When I first became a nurse, I found a job at what I still call ‘the best job I ever had.’ I’d already discovered my passion for Alzheimer/Dementia patients, and this was a private, skilled nursing facility for Alzheimer and Dementia patients. I could honestly go on and on about the amazing features of this place, along with increased number of staff and the activities, they had round the clock music therapy and art therapy. How many places can say that?
One of the things that really stuck out to me was that they had 3 full days of ‘office’ orientation. You know, the boring stuff where you go over policies and procedures, expectations, handbook, etc. Anywhere else I’ve ever worked had 1 day. There was a reason why they had 3. They spent the first day on the normal stuff, but then they took two whole days training us on what to expect with the Alzheimer’s/Dementia population.
There were many memorable lessons I gleaned in those two days, but they had us participate in one activity that just made me rethink everything I knew about nursing, care, and nursing homes. I know I’ve mentioned this before, but it was so incredible, I think I’ll repeat it again.
We were given six slips of paper and told to write down the things most important to us.
I honestly don’t remember what I put all those years ago, but sitting here right now, here’s what I would put:
6. Somewhere safe to live
We were then asked to fold our responses and mix them up. Then we were asked to pick one of the cards out of the pile. Once we’d picked it, we were told that we could no longer have that one particular object. It was no longer a part of or life, and we’d have to learn to live without it.
I can’t tell you how devastated I felt. It was something so simple, and I still had 5 other cards, but losing that one particular item made me want to cry. Then they asked us to pick the second card. You can probably see where they were going at this point.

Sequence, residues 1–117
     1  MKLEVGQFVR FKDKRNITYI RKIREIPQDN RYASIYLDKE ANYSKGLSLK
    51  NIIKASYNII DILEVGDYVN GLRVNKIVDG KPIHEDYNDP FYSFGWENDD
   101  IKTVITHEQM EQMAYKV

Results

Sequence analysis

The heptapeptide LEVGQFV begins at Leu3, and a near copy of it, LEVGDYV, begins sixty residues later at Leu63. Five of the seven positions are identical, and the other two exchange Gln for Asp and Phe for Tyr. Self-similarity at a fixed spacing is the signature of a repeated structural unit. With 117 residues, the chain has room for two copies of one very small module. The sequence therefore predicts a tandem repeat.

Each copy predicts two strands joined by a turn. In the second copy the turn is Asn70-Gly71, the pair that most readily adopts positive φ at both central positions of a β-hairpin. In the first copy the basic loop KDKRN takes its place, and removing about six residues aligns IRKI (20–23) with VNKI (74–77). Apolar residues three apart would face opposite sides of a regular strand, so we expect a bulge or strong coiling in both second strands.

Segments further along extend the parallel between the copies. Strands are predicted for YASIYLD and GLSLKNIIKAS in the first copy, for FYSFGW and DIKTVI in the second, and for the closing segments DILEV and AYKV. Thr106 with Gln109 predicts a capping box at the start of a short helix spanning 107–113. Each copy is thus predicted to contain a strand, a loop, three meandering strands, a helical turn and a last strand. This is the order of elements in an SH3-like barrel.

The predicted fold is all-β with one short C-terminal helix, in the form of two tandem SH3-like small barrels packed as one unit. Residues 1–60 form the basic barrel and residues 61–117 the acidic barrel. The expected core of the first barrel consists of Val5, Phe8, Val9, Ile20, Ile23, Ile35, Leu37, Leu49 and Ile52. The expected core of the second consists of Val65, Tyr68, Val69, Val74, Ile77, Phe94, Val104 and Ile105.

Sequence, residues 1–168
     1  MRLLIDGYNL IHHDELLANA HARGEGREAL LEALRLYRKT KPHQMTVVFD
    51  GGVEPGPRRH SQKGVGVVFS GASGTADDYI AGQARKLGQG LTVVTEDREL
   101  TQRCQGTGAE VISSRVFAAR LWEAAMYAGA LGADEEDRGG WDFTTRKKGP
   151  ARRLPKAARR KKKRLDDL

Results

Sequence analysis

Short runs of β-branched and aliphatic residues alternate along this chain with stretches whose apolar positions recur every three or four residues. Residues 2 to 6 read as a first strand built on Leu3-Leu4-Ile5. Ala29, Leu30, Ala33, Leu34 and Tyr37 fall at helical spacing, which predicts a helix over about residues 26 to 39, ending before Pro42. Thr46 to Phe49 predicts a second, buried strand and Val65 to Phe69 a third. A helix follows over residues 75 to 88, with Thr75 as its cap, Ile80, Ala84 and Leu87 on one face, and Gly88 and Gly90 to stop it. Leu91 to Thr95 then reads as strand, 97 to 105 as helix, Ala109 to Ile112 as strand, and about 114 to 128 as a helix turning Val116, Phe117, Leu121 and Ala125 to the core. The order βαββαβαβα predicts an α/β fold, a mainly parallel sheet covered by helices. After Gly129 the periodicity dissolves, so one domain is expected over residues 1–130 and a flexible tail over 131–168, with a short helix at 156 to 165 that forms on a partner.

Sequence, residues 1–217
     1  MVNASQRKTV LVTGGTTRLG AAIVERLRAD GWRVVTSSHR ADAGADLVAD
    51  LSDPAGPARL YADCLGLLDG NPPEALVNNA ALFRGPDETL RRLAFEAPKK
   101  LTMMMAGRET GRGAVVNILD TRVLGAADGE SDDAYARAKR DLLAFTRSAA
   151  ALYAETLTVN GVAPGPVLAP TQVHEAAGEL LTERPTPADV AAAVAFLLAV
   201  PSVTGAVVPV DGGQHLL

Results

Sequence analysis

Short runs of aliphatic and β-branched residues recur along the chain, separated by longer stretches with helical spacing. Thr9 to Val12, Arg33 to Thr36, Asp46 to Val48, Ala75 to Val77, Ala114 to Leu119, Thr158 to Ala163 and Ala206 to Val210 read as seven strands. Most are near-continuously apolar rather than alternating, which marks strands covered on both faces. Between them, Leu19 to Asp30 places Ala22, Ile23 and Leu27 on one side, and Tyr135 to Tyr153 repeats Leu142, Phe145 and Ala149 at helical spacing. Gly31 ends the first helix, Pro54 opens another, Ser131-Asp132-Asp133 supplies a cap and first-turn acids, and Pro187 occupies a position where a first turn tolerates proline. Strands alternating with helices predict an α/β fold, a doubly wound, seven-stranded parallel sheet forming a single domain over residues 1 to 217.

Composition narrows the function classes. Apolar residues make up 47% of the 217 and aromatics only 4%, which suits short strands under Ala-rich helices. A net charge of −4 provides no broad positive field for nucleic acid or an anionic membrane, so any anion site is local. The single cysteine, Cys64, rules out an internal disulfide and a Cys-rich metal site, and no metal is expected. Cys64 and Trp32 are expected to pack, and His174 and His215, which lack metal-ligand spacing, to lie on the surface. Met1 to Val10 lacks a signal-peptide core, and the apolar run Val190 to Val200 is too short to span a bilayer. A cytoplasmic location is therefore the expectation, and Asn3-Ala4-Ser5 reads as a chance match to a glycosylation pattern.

They wanted us to see what our residents were giving up when they move into a facility, or even if their children have them stay with them. Suddenly, they don’t have the independence they once had, and everything has changed. Maybe they don’t have easy access to a piano anymore, or they can’t get the food they used to eat at home. Any drastic change like that can throw anyone off, but when you already have difficulty adapting to new environments or maintaining a grip on reality, it can be even worse.
Most Alzheimer’s patients who move into facilities are going to have increased behaviors. It’s a natural reaction to the upheaval their life has just endured. They may not understand what’s going on. I know that my Great Grandpa believed he was in a gas station. Others have thought that they were at the store, waiting to be picked up by family.
Imagine how you would feel, if you woke up and you didn’t recognize anything around you. And then when you get out of the room, a bunch of (hopefully) friendly people tell you that this is your new home. You don’t know where your family is, and the food they give you doesn’t taste like home. How would you feel?
And if you can’t properly communicate, the only way to let them know is by acting out. Maybe you just scream for several days, hoping that someone would hear you and rescue you from these strangers. Or maybe you think that they’ve kidnapped you from your home and you start attacking them. Or you could try to escape, checking each door to see if they’re actually locked.
Unfortunately, this natural, and really – understandable – behavior can cause families and healthcare workers to get impatient. Instead of looking at the situation from the perspective of their residents/patients, they might punish them, perhaps by not letting them eat a dessert, or by forcing them to stay in a chair. But the person with Alzheimer’s doesn’t understand why they’re being punished. It may cause even more behaviors because now they’re even more angry or scared. It’s a vicious cycle that can’t be broken with the person who has Alzheimer’s.
It is something that needs to be broken by the people who are there to take care of them – whether that be their family, nurse, CNA or doctor. They have to realize that they won’t always be able to vocalize their needs or their concerns. They need someone who can look beyond the physical obvious action and realize the reason behind it.
It can be exhausting, and it can take weeks, maybe even months to find what the patient needs. Families should not try and do it on their own. Burnout and exhaustion can often lead to impatience and anger on the part of the provider. Make sure that you have a good support system, and make sure that you voice your own needs when they arise.